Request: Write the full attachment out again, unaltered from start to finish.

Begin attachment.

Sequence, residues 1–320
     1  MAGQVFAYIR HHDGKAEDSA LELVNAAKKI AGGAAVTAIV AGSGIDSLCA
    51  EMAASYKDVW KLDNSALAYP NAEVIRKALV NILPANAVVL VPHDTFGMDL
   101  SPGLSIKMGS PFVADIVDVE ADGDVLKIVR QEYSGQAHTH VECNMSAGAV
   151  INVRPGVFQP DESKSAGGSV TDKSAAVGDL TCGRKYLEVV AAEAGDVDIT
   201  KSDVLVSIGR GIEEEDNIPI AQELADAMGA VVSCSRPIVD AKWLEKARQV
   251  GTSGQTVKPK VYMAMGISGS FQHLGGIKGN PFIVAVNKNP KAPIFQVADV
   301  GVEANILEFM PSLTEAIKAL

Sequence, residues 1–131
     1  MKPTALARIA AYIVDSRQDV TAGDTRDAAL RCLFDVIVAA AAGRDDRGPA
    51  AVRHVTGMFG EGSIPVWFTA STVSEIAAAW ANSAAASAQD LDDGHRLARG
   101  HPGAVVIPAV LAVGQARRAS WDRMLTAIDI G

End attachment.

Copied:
Sequence, residues 1–320
     1  MAGQVFAYIR HHDGKAEDSA LELVNAAKKI AGGAAVTAIV AGSGIDSLCA
    51  EMAASYKDVW KLDNSALAYP NAEVIRKALV NILPANAVVL VPHDTFGMDL
   101  SPGLSIKMGS PFVADIVDVE ADGDVLKIVR QEYSGQAHTH VECNMSAGAV
   151  INVRPGVFQP DESKSAGGSV TDKSAAVGDL TCGRKYLEVV AAEAGDVDIT
   201  KSDVLVSIGR GIEEEDNIPI AQELADAMGA VVSCSRPIVD AKWLEKARQV
   251  GTSGQTVKPK VYMAMGISGS FQHLGGIKGN PFIVAVNKNP KAPIFQVADV
   301  GVEANILEFM PSLTEAIKAL

Sequence, residues 1–131
     1  MKPTALARIA AYIVDSRQDV TAGDTRDAAL RCLFDVIVAA AAGRDDRGPA
    51  AVRHVTGMFG EGSIPVWFTA STVSEIAAAW ANSAAASAQD LDDGHRLARG
   101  HPGAVVIPAV LAVGQARRAS WDRMLTAIDI G